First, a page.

Is Minimum Quantity Lubrication a Good Choice for Your Machine Shop?

September 20, 2016 / , , , , , , , , ,

Most metal-cutting professionals agree that lubricants are a critical part of any sawing operation. As explained in the reference guide, User Error or Machine Error?, insufficient sawing fluid can cause a host of metal-cutting issues, from premature blade failure to poor cut quality.

Metal-cutting fluids save maintenance time, improve cut quality, and extend tooling life. However, not all lubricating options are created equally. As this blog post describes, managers have a wide range of lubrication options available to them. And while fluid selection may seem like a small detail, it should be treated like any other operational purchase—with both strategy and cost in mind.

One lubricant choice that many machine shops overlook is Minimum Quantity Lubrication (MQL). This alternative option sprays a very small quantity of lubricant precisely on the cutting surface, eliminating any cutting fluid waste. In fact, many consider it a near-dry process, as less than 2 percent of the fluid adheres to the chips.

MQL is great for smaller saws and for structural applications, but it is also versatile enough to be used in both precision circular sawing and band sawing operations. To help machine shops determine whether or not MQL is a good fit for their operation, below are just a few of its key benefits:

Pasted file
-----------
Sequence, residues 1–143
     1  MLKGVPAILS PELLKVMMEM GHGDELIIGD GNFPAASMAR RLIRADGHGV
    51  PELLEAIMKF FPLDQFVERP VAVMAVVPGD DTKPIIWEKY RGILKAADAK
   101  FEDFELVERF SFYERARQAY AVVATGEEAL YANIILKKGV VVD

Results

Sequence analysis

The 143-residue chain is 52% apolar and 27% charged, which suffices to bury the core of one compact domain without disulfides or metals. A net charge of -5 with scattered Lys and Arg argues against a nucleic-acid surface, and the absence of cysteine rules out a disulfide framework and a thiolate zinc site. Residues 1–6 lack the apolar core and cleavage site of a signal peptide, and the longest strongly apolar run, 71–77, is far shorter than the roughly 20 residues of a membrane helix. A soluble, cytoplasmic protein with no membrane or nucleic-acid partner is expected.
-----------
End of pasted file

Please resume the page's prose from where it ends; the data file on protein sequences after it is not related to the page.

Of course, changing over to MQL is not as simple as just plugging in a new lubrication system. Implementation will require some research, training, and upfront investment. In fact, as a recent article from Modern Machine Shop points out, MQL can also present some manufacturing challenges. According to the magazine, operations managers should consider the following before deciding to implement MQL:

  1. MQL does not have comparable chip evacuation abilities to those of wet machining.
  2. MQL is still not well suited for deep-hole drilling, energy-intensive processes such as grinding, special operations like honing and small-hole drilling, or for difficult-to-machine materials such as titanium and nickel-based alloys.
  3. MQL still produces a very fine mist, which can be more difficult to filter.
  4. MQL implementation may require changes to the machine tool and processing strategy.

Although MQL may not be suitable for every shop, in many cases, it can offer significant advantages to your business, your employees, and the environment—three major reasons to at least consider using it in your metal-cutting operations.

For more information about what is needed to use MQL, including equipment requirements and some “rules of thumb,” you can download a copy of The MQL Handbook here.